EFFECT OF NITROGEN FERTILIZATION ON FRUIT MATURATION OF OLIVE TREES
Excessive application of nitrogen is common in olive orchards and cause adverse effects on the soil and on the trees. In this work, the influence of the nitrogen status of the olive trees on fruit maturation was investigated. For this purpose, Picual olive trees growing in Cabra, a locality of Córdoba province, southern Spain, were selected from a long-term experiment where the trees were subjected to annual applications of 0, 0.12, 0.25, 0.5 or 1.0 kg N per tree from 1993. In 2010, twelve trees were selected based on their leaf nitrogen concentration in Julys samples. Six experimental trees with less than 1.4% concentration of leaf nitrogen, established as the deficiency threshold, and six trees with more than 1.7% of concentration of leaf nitrogen, representing an excessive level, were selected for the experiment. Fruit maturation was delayed in trees with higher nitrogen levels. In this study, anthocyanin, a pigment responsible for the black color of olive fruits, was detected: cyanidin-3 rutinoside. This compound increased during maturation, but high content of nitrogen caused a reduction in anthocyanin. Also, in trees with higher nitrogen levels, oil content was lower compared with trees with leaf nitrogen concentration below 1.4%, indicating that lipogenesis was also delayed with high nitrogen content along the maturation period.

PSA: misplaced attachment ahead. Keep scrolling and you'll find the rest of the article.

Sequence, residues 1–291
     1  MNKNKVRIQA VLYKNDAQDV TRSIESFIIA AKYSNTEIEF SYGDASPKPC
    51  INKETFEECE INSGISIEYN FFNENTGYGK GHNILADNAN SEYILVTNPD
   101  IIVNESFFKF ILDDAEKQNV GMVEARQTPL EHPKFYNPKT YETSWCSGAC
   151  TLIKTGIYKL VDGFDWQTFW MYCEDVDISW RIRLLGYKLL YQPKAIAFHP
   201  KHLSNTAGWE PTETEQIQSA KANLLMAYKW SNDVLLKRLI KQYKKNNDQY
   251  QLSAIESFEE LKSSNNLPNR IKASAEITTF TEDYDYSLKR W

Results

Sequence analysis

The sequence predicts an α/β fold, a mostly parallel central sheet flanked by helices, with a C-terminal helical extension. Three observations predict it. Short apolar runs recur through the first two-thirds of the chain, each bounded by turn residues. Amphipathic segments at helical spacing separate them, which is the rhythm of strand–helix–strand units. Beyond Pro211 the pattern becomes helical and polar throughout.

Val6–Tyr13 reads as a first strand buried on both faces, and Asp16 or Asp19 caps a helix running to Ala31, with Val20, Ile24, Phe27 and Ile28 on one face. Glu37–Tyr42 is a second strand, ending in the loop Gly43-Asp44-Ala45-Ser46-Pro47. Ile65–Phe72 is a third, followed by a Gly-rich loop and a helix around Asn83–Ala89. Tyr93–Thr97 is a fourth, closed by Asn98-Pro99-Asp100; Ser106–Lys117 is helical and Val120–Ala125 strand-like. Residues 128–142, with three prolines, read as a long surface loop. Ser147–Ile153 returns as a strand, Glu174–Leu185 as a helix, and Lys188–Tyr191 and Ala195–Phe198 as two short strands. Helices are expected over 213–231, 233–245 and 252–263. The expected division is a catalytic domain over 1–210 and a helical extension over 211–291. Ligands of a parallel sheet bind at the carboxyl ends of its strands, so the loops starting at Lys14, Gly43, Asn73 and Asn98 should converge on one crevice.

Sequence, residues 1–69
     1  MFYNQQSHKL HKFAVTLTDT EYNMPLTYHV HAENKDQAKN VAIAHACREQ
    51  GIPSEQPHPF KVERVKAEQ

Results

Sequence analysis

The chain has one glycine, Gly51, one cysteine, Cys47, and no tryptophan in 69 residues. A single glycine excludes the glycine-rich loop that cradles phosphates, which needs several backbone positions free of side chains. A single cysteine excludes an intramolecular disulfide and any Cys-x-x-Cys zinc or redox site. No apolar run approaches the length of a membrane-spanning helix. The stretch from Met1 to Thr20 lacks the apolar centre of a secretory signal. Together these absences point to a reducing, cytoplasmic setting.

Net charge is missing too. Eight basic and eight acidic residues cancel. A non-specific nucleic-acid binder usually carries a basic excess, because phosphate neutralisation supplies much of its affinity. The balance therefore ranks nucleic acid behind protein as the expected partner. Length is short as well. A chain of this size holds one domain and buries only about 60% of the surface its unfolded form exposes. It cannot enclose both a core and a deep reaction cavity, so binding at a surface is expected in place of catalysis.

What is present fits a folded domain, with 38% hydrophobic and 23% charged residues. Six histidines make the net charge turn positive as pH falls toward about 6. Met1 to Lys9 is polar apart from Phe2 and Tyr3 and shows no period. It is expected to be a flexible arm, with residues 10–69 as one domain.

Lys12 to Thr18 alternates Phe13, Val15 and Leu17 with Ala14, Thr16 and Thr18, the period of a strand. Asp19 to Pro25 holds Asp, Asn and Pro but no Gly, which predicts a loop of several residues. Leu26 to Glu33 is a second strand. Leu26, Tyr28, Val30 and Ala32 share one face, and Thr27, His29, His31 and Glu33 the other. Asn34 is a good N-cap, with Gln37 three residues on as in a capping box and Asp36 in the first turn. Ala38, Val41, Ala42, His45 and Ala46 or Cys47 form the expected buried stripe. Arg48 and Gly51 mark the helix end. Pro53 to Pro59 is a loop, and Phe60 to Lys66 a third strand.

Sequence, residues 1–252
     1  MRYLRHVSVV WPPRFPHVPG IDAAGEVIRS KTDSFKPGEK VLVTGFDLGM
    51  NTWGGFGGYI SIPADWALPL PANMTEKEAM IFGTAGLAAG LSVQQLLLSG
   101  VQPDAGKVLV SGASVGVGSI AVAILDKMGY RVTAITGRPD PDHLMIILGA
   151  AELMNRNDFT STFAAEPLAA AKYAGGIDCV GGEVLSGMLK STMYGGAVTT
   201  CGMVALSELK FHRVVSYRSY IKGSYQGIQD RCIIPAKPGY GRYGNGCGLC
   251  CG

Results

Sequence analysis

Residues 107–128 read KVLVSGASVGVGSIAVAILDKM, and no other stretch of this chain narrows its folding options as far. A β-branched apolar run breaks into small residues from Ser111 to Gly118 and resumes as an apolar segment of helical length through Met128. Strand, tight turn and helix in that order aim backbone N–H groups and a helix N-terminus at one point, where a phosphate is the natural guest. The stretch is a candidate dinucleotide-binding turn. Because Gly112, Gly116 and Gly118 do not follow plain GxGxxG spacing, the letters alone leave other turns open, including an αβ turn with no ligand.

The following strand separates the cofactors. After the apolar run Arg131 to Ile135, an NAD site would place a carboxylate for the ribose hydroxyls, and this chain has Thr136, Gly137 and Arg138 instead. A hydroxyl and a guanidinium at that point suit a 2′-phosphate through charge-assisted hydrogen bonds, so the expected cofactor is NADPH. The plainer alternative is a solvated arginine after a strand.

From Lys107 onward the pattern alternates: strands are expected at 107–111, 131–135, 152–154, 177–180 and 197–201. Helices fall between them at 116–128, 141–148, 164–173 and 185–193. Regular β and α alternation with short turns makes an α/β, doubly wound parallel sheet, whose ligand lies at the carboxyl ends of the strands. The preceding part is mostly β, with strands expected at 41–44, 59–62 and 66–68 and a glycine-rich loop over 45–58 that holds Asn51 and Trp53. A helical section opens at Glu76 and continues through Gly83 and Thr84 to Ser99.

Fernández-Escobar, R., Braz Frade, R., Lopez Campayo, M. and Beltrán Maza, G. (2014). EFFECT OF NITROGEN FERTILIZATION ON FRUIT MATURATION OF OLIVE TREES. Acta Hortic. 1057, 101-105
Olea europaea, nitrogen status, oil content, phenolic compounds, flavonoids, anthocyanins